Silence of the bees

Dyson in new cut-through below hump

This post took a lot longer to create than normal since WordPress has changed it’s editing software and made it very difficult to justify text.  I still haven’t worked out how to centre captions either.  If I don’t get the hang of it soon I will seriously consider changing platforms.  I find it very frustrating, slower and annoying.

Mostly I’ve been working outside the last few weeks, doing a final cut round the paths in the tree field. We had a few nice warm days and I managed to cut a new path round the north side of the orchard, one below the hump that links up with the top loop, and one through the wych elm and ash that comes out on the main track opposite the existing cut way to the river fence on the south and east. I think that there are still a few potential paths that will enable greater flexibility in routes around the tree field.

Mulch Patch by pond loop

Rather than trying to rake up all the grass cuttings, which takes so long, I have just been scooping up the larger clumps and mulching round selected trees. Down in the bottom loop near the pond, there was a lot of soft growth to cut back and I decided to mulch an area in amongst the trees to maybe plant up next spring. It doesn’t seem that constructive, however it fills in a dog walk on a nice day.

Buff tip moth caterpillars on birch

I found a cluster of buff tip moth caterpillars that were feeding on a birch tree rather than an alder this year. Some had moved to an adjacent willow as well. Although they do strip the tree they are on pretty badly, I think it is late enough in the year that they don’t do too much damage. If every tree was covered I would start to worry, however it is pretty obvious that not many of the caterpillars survive at present, otherwise there would be far more moths around, so I am pretty happy to leave them be. Other wildlife of note is the sight of several toads outside as well as lots of frogs. I assume they are trying to find good hibernation spots.

The wild bramble patch at the corner of the river has tasty ripe berries on now. Not enough to make jam with, but I have put several small punnets in the freezer so far.

Wild bramble patch

As I was going round the new cut through below the hump, I noticed a hole in the grass nearby and several empty insect cases. I have now seen three such holes. There was another at the edge of the spruce patch which I found a few weeks ago, which still had several confused bumble bees scrambling about, and one down in the pond loop. I don’t know what animal has dug up the nests. Presumably it is something eating the immature bees in their cocoons. My best guesses are a stoat or a hedgehog, although I suppose it could also be birds such as crows. It may be a fox, I don’t suppose it is an otter. No sign of live bees near any of the nests now. At least it isn’t anything I can feel responsible for….just nature.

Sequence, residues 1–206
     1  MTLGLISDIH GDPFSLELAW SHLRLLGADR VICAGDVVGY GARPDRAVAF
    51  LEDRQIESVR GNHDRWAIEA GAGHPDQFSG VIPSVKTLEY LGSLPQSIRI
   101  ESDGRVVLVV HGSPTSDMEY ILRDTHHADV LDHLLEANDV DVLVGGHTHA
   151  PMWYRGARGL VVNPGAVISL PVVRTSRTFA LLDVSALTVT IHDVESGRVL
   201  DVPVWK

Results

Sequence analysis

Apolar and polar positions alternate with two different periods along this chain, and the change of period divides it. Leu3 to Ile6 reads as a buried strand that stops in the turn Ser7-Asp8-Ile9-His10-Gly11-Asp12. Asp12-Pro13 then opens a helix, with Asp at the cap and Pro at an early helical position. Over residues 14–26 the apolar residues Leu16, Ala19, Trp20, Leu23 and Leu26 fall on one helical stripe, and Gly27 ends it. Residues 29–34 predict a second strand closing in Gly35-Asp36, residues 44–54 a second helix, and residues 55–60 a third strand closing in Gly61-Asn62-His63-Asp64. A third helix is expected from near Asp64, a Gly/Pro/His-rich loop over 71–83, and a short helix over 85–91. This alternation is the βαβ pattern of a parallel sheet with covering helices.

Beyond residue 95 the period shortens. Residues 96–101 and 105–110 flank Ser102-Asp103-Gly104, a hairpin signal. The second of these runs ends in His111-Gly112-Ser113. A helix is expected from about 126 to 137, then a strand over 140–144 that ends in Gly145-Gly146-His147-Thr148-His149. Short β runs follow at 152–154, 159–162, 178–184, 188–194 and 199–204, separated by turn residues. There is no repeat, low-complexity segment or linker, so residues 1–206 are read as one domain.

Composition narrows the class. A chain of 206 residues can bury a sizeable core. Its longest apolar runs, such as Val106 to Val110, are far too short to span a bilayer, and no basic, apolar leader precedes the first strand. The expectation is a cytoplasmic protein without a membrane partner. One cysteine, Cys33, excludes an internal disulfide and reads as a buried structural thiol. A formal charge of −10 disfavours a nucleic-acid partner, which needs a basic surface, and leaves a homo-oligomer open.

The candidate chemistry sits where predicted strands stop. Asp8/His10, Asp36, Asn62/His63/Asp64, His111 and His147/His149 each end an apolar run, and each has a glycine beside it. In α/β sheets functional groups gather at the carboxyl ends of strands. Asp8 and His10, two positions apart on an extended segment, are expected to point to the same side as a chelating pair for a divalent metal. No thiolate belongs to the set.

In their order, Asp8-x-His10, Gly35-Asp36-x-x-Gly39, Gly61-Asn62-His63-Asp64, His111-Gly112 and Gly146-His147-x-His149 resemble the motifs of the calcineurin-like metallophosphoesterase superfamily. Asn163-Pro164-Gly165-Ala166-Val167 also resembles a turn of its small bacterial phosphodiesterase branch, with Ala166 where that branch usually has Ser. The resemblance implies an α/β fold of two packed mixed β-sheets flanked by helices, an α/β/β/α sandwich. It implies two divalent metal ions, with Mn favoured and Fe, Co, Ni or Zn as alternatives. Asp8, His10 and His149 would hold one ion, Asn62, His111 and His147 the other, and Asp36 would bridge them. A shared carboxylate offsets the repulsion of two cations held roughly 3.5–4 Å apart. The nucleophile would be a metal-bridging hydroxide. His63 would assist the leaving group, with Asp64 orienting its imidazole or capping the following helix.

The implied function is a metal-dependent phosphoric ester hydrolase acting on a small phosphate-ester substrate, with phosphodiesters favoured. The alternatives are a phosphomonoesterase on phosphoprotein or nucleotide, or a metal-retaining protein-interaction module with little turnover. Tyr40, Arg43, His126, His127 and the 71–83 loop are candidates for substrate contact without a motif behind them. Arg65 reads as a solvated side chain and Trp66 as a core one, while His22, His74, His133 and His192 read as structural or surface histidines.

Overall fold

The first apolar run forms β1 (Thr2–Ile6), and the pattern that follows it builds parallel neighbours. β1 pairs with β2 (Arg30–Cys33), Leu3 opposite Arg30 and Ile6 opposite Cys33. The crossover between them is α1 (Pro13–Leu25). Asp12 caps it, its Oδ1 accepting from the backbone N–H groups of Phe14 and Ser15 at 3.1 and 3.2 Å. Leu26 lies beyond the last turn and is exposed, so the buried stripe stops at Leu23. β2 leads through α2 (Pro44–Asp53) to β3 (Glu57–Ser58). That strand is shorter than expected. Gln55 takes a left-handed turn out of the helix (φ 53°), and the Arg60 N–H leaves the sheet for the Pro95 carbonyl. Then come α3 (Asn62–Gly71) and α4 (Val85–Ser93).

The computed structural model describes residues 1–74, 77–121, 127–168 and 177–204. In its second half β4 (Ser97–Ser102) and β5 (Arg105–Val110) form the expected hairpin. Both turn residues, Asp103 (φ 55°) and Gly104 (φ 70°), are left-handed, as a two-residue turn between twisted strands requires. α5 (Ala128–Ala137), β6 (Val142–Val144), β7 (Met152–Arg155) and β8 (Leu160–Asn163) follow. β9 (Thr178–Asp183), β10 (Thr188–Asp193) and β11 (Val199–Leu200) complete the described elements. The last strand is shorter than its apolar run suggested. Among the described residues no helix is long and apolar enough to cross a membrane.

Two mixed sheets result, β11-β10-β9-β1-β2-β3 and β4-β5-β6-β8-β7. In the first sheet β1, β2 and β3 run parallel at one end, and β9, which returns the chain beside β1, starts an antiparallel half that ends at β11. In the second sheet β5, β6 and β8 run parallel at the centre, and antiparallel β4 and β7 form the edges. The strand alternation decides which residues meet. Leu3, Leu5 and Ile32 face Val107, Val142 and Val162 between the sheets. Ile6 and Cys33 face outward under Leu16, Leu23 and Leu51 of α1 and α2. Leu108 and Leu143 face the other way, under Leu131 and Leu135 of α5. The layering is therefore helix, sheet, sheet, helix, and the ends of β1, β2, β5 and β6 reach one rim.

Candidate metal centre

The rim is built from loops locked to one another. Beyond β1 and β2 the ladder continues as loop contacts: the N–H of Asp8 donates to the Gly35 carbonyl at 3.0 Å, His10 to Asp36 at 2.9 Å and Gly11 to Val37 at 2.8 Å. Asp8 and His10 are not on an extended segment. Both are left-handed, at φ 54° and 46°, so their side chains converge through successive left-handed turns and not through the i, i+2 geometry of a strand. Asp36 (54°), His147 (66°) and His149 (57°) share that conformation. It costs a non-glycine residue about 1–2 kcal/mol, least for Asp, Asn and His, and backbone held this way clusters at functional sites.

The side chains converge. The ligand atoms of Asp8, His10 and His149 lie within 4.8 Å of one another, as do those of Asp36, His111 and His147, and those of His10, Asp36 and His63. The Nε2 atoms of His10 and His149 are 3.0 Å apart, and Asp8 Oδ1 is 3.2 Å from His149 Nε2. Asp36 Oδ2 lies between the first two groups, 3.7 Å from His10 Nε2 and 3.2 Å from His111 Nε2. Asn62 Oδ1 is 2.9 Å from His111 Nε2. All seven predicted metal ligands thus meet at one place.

Dug up bumble bee nest

7 thoughts on “Silence of the bees

  1. A justified text is said to be harder for someone with dyslexia to read – perhaps you would therefore find it difficult to justify on another platform as well?

    Normally, I blog from the app on my phone which means somethings are easier to do. I came onto the website through my browser for the first time in years the other days and was amazed by how much it has changed since the days when I exclusively used the browser version. Still, the browser version also has its advantages.

    Liked by 1 person

    1. I hadn’t heard that about dyslexia sufferers Helen. According to WP it’s more to do with justified text not displaying well in some platforms. I just like it to be neat! I mainly use my tablet, but through the browser (I don’t really understand all these apps!) which tends to be a bit slow but handy. I’m just a bit reluctant to take up changes I’m afraid.


  2. Those brambles look so delicious! You can switch back to the Classic Editor quite easily if you want to. Just put a title in the new one, save the draft, go back to All Posts, and you can click Classic Editor under the draft. I figured this out right away because the new editor is terrible!

    Liked by 1 person

  3. Thanks Suzanne, I’ll have to give that a go. I suppose to software-people the changes made sense, but I seem to miss the point.
    The bramble season here is quite late, and sometimes we don’t get the weather to enable good sweet berries, but this bush does tend to have a good flavour. I’ll probably regret leaving it when it takes over the tree field, but I do like bramble jam, crumble, cake, …..l


  4. My sympathies re the wordpress changes, I too am struggling with them. When I looked up how to change back to classic editor it seemed to be only available if you have the business version which is quite expensive. I am attempting to learn the new version, but it is painful and slow.

    Very interesting about the dug up bumble bees nests, I had no idea about their vulnerability to being eaten. Ecology in action!

    Liked by 1 person

      1. Ahh, yes! Since I posted that comment I did see when I was checking some of my old posts that you could use classic editor for redoing them and I have just checked a post I am currently writing, I started it in the blocky thingumybob and now can use the nice old one. Great stuff!!

        Liked by 1 person

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